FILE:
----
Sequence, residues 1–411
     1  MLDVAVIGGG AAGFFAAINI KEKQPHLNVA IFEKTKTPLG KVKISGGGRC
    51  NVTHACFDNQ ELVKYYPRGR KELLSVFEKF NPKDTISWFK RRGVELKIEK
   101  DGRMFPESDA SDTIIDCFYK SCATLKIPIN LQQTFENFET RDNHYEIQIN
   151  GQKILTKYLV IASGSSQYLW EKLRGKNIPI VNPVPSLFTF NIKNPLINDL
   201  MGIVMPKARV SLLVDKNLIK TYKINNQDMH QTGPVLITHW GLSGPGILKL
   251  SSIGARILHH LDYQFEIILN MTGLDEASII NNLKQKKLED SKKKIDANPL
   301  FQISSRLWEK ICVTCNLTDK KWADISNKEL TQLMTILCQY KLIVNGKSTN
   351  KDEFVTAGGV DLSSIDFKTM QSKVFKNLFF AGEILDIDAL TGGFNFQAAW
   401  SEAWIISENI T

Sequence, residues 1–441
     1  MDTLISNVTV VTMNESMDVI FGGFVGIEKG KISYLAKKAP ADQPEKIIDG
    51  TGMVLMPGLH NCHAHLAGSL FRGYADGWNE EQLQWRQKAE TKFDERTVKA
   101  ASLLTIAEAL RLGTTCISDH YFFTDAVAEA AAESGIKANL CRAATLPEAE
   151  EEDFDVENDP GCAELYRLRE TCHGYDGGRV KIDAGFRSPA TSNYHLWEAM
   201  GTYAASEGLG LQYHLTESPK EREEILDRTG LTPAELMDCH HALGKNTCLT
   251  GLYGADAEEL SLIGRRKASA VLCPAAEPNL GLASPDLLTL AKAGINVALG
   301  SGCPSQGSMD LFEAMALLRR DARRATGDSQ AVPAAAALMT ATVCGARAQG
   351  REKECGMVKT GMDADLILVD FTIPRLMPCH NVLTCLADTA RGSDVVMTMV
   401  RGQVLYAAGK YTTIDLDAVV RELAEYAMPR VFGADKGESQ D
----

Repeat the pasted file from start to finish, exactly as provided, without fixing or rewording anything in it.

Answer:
Sequence, residues 1–411
     1  MLDVAVIGGG AAGFFAAINI KEKQPHLNVA IFEKTKTPLG KVKISGGGRC
    51  NVTHACFDNQ ELVKYYPRGR KELLSVFEKF NPKDTISWFK RRGVELKIEK
   101  DGRMFPESDA SDTIIDCFYK SCATLKIPIN LQQTFENFET RDNHYEIQIN
   151  GQKILTKYLV IASGSSQYLW EKLRGKNIPI VNPVPSLFTF NIKNPLINDL
   201  MGIVMPKARV SLLVDKNLIK TYKINNQDMH QTGPVLITHW GLSGPGILKL
   251  SSIGARILHH LDYQFEIILN MTGLDEASII NNLKQKKLED SKKKIDANPL
   301  FQISSRLWEK ICVTCNLTDK KWADISNKEL TQLMTILCQY KLIVNGKSTN
   351  KDEFVTAGGV DLSSIDFKTM QSKVFKNLFF AGEILDIDAL TGGFNFQAAW
   401  SEAWIISENI T

Sequence, residues 1–441
     1  MDTLISNVTV VTMNESMDVI FGGFVGIEKG KISYLAKKAP ADQPEKIIDG
    51  TGMVLMPGLH NCHAHLAGSL FRGYADGWNE EQLQWRQKAE TKFDERTVKA
   101  ASLLTIAEAL RLGTTCISDH YFFTDAVAEA AAESGIKANL CRAATLPEAE
   151  EEDFDVENDP GCAELYRLRE TCHGYDGGRV KIDAGFRSPA TSNYHLWEAM
   201  GTYAASEGLG LQYHLTESPK EREEILDRTG LTPAELMDCH HALGKNTCLT
   251  GLYGADAEEL SLIGRRKASA VLCPAAEPNL GLASPDLLTL AKAGINVALG
   301  SGCPSQGSMD LFEAMALLRR DARRATGDSQ AVPAAAALMT ATVCGARAQG
   351  REKECGMVKT GMDADLILVD FTIPRLMPCH NVLTCLADTA RGSDVVMTMV
   401  RGQVLYAAGK YTTIDLDAVV RELAEYAMPR VFGADKGESQ D